Ezekiel 23 Commentary

Two prostitute sisters (23:1-35)

God’s chosen nation was saved from Egypt and settled in Canaan, but it soon divided into two, the northern kingdom Israel (capital: Samaria) and the southern kingdom Judah (capital: Jerusalem). The prophet likens these two kingdoms to two sisters who became prostitutes (23:1-4).

The prostitution of Israel and Judah was their unfaithfulness to God in forming military alliances with foreign nations instead of trusting in him. Israel, the northern kingdom, was impressed with the might of Assyria, but in forming an alliance with the superior power she accepted also that country’s gods (5-8).

Assyria, having used Israel for its own satisfaction, then savagely attacked and killed her (9-10).

Judah failed to learn from Israel’s experience. She too made alliances, first with Assyria and later with Babylon (Chaldea) (11-16). Then, with the feeling of disgust that often follows immorality, Judah turned away from Babylon. Soon she went lusting again, this time seeking the favours of Egypt, hoping for Egyptian aid to fight against Babylon (17-21).

Therefore, Judah’s former lover, Babylon, with the assistance of other peoples from the Babylonian region, will return and attack her (22-24). It will be a time of terrible suffering as the people are cruelly humiliated, butchered and plundered (25-27), yet the whole terrifying experience will be a fitting punishment because of Judah’s disgusting prostitution (28-30). She will suffer the same fate as her sister kingdom to the north. She too will drink the cup of God’s wrath (31-35).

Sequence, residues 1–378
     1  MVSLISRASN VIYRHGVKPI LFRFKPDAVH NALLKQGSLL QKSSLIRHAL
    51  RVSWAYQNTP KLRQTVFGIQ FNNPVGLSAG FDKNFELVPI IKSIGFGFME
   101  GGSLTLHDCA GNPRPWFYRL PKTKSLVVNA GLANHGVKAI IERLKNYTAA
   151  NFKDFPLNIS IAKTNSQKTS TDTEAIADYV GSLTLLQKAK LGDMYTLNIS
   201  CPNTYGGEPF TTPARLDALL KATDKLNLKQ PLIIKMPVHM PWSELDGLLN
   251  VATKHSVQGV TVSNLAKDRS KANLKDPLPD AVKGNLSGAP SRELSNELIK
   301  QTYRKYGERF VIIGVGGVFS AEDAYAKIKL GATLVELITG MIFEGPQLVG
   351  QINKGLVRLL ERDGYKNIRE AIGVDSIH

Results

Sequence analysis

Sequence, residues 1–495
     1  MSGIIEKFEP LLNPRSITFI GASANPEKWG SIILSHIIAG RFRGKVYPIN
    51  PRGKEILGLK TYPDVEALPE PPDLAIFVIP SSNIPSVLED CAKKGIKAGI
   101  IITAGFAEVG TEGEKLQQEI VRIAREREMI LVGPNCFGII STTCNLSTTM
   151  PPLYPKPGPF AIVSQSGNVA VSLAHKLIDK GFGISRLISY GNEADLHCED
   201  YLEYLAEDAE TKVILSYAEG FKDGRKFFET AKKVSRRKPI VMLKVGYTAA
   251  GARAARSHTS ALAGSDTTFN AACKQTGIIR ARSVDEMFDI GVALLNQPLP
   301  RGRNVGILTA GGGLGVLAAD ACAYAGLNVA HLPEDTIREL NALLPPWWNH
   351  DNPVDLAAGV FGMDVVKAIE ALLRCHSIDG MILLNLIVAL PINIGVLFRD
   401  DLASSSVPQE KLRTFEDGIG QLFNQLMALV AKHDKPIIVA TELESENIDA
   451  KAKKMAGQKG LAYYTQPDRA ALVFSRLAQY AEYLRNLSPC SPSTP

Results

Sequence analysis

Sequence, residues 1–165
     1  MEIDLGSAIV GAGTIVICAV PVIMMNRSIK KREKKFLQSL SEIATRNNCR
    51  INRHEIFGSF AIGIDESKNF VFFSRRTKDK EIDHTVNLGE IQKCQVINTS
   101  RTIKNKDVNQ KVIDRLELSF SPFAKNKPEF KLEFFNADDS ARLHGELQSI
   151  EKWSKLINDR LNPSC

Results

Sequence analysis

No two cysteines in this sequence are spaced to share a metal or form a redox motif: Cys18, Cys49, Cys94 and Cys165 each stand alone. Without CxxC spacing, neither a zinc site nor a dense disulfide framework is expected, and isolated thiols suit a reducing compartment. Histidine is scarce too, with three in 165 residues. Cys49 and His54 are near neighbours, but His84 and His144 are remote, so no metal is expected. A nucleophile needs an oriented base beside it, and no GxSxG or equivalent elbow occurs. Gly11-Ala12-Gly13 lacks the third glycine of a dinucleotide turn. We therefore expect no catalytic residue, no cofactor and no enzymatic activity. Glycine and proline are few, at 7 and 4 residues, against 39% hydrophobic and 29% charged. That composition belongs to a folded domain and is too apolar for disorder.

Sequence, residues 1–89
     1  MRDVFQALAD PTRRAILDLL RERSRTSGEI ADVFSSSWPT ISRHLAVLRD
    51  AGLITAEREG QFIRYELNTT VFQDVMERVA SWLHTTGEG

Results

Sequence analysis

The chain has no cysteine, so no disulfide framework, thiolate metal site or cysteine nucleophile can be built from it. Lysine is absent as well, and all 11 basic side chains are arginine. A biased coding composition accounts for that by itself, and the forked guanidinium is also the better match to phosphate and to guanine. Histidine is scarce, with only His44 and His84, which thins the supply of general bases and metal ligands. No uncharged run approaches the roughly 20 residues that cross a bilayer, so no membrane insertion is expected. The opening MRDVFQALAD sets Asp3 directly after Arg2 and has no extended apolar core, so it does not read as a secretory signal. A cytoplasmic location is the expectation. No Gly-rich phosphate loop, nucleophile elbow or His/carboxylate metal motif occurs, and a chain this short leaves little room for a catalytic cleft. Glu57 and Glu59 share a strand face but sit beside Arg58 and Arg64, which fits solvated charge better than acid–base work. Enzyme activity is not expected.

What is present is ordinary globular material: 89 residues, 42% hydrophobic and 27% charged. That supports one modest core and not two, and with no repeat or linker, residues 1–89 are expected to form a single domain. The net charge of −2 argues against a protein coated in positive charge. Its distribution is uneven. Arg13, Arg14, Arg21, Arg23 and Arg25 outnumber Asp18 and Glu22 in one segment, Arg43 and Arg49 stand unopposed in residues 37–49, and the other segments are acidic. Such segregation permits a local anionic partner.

Judgment on the two sisters (23:36-49)

The prophet links the two kingdoms for his summary of God’s judgment on them. Both kingdoms had copied the religious practices of their treaty partners, even to the extent of offering their children as blood sacrifices to foreign gods. They deliberately broke God’s law and defiled his temple (36-39).

Both kingdoms acted like prostitutes, enticing foreign nations so that they could join with them in unions that were immoral and ungodly (40-41). These foreign nations are likened to pleasure-seeking men from the desert who bring jewellery and ornaments to pay the prostitutes for their services (42-44). As righteous judges sentence prostitutes to a fitting punishment, so God will now judge Judah (45). As an adulteress is stoned to death and her property burnt, so will Jerusalem and her people be destroyed (46- 49).

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